So who are these lesser known leaders, and what role did they play in the war?  This is the first post in a series that will explore the backgrounds and contributions of these lesser known figures, but who nevertheless played significant roles.  Students of both history and leadership will appreciate that it was not just the more well know leaders who were always the most important in determining the outcome in every battle.  In war as in peace, sometimes leaders who don’t have the public profile can influence events as much or more than those who receive a disproportionate amount of publicity. Check back here periodically in the future to learn more about these lesser known leaders.  The contributions and leadership styles of the “Other Guys” may surprise you.

Here is a intriguing picture of some of them who happened to be Americans:

Amercian Generals WWII in Europe

Amercian Generals WWII in Europe

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September 18th, 2009 at 10:42 am

Charles de Gaulle – Leader of the Free French Forces

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Charles de Gaulle was the self-anointed leader of the Free French Forces and landed on Juno Beach on June 13, 1944 to assert his authority as leader of the Provisional Government of France following the D-Day invasion.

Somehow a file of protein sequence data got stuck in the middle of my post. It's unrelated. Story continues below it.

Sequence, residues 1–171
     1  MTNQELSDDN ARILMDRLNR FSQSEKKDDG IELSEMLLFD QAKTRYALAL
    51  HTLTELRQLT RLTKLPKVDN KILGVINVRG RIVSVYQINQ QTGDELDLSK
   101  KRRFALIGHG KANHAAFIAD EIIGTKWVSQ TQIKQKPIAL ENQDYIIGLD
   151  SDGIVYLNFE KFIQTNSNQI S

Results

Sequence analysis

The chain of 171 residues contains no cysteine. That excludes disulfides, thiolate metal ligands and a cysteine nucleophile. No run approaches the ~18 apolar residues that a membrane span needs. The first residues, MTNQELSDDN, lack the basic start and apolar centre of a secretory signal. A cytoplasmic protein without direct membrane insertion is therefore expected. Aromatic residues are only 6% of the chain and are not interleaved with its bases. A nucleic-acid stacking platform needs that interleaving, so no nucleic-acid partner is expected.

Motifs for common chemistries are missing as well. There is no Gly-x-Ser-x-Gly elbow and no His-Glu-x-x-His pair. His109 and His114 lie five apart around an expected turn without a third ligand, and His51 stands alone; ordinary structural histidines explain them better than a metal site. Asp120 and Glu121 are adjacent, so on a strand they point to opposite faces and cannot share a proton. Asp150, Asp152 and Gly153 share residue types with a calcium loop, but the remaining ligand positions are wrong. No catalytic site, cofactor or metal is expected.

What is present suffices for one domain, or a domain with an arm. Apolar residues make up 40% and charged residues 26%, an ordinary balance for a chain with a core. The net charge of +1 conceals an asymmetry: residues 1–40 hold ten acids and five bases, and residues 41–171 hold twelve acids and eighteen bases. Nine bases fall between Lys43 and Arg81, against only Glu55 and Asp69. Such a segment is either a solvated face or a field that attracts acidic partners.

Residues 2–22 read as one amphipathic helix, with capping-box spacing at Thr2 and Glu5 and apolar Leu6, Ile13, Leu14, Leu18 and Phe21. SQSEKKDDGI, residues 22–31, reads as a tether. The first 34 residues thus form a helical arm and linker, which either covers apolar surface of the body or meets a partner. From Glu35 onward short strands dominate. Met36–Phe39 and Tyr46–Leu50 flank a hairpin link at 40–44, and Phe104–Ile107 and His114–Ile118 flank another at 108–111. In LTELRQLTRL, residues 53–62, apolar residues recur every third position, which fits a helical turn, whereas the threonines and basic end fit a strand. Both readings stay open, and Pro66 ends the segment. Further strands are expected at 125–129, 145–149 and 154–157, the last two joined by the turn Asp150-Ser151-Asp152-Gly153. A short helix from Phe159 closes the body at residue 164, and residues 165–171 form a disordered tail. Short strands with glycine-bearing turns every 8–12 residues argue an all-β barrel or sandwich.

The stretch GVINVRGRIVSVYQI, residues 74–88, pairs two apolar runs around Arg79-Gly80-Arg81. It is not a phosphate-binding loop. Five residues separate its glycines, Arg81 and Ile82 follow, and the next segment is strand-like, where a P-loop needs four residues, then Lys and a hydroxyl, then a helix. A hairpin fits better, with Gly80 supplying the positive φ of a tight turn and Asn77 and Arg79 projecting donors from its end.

Charles de Gaulle

Charles de Gaulle

General de Gaulle was born in 1890 into an aristocratic family that had roots in French Flanders.  As a young man, he developed an interest in history and went to college in Paris before deciding on a military career and attending the French military academy, St. Cyr.  He graduated from the four year course at St. Cyr and was commissioned as an infantry officer in 1912.  During the first World War, he was wounded at the Battle of Verdun in 1916 and taken prisoner by the German Army.  After the war, he served in Poland as an instructor to the Polish Army during thier conflict with the Russian army in the early 1920’s.  Following his service in Poland, her returned to France and was a staff officer and an instructor at the Ecole Militaire.  During this period he became student of armored warfare similar to some of his contemporaries in the German, British and American armies who also were developing theories about maneuver warfare.  During these interwar years, he began publishing articles about his theroies and views, which were often criticized by other French officers and senior leaders.